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The transcriptional landscape of mouse beta cells compared to human beta cells reveals notable species differences in long non-coding RNA and protein-coding gene expression.
- Author(s): Benner, Christopher
- van der Meulen, Talitha
- Cacéres, Elena
- Tigyi, Kristof
- Donaldson, Cynthia J
- Huising, Mark O
- et al.
Published Web Locationhttp://bmcgenomics.biomedcentral.com/articles/10.1186/1471-2164-15-620
No data is associated with this publication.
BackgroundInsulin producing beta cell and glucagon producing alpha cells are colocalized in pancreatic islets in an arrangement that facilitates the coordinated release of the two principal hormones that regulate glucose homeostasis and prevent both hypoglycemia and diabetes. However, this intricate organization has also complicated the determination of the cellular source(s) of the expression of genes that are detected in the islet. This reflects a significant gap in our understanding of mouse islet physiology, which reduces the effectiveness by which mice model human islet disease.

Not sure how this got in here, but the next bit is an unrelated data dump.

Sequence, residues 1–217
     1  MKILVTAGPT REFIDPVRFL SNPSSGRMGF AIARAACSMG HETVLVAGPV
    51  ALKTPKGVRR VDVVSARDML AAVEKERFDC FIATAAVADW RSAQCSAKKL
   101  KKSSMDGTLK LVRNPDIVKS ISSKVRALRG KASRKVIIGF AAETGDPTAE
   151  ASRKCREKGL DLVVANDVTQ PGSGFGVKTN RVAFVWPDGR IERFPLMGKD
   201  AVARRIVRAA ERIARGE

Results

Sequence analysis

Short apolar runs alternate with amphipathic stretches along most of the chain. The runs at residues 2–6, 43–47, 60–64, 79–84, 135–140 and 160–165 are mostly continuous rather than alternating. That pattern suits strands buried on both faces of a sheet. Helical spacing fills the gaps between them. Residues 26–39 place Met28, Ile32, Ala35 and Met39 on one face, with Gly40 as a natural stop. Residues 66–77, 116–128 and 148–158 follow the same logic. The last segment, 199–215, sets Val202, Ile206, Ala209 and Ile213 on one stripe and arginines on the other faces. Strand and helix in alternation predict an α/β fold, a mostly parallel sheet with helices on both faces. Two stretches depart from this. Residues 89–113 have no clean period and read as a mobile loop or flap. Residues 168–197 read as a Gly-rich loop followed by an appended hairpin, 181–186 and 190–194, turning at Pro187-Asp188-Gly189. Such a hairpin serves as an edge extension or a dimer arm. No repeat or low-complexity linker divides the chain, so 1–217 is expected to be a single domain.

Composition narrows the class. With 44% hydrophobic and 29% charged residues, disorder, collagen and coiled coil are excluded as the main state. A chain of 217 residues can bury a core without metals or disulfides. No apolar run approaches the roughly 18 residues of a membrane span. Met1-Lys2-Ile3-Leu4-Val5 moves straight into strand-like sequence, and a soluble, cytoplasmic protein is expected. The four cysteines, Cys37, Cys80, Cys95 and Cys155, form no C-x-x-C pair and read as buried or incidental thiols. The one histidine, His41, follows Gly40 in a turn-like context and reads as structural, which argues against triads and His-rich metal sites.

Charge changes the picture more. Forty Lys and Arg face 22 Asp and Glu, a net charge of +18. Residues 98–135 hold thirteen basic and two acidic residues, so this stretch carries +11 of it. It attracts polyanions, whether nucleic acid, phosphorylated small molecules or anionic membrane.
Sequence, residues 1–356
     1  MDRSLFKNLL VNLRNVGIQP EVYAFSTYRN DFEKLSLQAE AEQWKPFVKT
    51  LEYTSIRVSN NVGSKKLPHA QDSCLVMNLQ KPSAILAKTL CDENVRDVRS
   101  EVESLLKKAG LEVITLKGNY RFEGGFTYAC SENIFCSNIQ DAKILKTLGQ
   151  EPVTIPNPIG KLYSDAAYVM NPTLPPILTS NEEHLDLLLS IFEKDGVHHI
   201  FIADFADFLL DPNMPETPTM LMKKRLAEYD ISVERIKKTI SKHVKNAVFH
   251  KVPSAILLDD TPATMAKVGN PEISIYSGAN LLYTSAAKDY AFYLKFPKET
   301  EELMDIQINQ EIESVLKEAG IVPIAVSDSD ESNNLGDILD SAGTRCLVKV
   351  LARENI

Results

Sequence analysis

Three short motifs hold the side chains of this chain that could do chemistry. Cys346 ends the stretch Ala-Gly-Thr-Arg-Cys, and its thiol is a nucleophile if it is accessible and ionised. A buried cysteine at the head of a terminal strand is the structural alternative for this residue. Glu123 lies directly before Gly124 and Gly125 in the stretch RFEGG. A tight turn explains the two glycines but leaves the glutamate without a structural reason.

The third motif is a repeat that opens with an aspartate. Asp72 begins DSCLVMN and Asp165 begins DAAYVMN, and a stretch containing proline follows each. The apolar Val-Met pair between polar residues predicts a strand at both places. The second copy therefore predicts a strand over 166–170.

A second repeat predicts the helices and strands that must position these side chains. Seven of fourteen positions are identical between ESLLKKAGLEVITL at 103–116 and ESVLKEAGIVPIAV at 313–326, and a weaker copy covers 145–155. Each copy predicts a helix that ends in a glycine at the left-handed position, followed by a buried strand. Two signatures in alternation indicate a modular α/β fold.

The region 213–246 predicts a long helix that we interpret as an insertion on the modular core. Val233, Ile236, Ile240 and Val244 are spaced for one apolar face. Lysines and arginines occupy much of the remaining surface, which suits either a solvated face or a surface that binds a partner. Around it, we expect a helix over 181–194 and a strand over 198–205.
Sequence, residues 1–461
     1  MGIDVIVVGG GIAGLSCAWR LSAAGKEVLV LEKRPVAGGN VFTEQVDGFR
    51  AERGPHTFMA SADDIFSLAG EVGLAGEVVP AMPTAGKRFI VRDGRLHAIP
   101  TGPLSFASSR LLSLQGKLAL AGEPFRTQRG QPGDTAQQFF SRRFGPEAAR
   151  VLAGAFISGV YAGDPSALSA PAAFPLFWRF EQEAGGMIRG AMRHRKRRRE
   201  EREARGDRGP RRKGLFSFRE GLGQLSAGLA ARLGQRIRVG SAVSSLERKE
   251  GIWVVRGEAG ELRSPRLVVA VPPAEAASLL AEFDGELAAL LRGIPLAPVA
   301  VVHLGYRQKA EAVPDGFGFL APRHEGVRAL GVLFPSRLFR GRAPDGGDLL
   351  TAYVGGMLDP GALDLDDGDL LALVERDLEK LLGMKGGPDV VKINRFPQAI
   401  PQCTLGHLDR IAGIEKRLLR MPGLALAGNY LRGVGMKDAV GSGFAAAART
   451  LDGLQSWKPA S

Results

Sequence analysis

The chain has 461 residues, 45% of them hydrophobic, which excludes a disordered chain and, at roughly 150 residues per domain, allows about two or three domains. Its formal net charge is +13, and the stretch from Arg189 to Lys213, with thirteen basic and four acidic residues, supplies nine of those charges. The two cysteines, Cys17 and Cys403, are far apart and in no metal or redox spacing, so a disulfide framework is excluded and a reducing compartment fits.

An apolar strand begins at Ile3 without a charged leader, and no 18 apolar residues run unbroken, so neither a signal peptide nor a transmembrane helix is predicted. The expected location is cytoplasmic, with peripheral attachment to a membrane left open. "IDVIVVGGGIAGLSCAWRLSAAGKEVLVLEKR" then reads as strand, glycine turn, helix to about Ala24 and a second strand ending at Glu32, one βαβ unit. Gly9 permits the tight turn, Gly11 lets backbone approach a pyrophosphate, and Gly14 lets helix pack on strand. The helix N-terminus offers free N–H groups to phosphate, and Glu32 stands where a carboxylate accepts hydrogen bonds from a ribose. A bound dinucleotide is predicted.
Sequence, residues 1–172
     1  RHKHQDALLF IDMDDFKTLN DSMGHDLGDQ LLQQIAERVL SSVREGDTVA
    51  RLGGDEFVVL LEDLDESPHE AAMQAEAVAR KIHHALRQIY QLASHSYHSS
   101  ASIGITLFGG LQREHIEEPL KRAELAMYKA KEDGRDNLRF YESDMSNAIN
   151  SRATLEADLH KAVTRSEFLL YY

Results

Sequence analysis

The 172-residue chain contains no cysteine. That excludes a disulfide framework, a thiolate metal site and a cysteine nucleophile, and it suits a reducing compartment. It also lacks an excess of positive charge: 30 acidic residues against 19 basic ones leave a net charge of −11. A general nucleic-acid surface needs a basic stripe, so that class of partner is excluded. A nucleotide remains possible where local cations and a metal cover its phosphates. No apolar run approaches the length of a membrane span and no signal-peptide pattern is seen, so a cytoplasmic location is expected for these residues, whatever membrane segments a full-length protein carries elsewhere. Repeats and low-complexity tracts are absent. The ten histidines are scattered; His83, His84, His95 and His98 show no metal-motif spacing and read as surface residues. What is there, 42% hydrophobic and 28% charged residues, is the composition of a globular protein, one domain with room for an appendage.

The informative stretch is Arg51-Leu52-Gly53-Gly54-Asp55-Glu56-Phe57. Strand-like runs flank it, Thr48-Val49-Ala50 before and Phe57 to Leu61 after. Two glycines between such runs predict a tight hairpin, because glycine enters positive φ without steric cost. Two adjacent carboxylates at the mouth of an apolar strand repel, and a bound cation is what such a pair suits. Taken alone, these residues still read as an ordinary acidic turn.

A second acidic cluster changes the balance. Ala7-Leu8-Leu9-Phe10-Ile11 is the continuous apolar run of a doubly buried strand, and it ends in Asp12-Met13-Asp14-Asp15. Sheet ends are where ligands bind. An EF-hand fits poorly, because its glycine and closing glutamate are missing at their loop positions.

ResultsTo overcome this challenge, we generated a bitransgenic reporter mouse that faithfully labels all beta and alpha cells in mouse islets to enable FACS-based purification and the generation of comprehensive transcriptomes of both populations. This facilitates systematic comparison across thousands of genes between the two major endocrine cell types of the islets of Langerhans whose principal hormones are of cardinal importance for glucose homeostasis. Our data leveraged against similar data for human beta cells reveal a core common beta cell transcriptome of 9900+ genes. Against the backdrop of overall similar beta cell transcriptomes, we describe marked differences in the repertoire of receptors and long non-coding RNAs between mouse and human beta cells.
ConclusionsThe comprehensive mouse alpha and beta cell transcriptomes complemented by the comparison of the global (dis)similarities between mouse and human beta cells represent invaluable resources to boost the accuracy by which rodent models offer guidance in finding cures for human diabetes.
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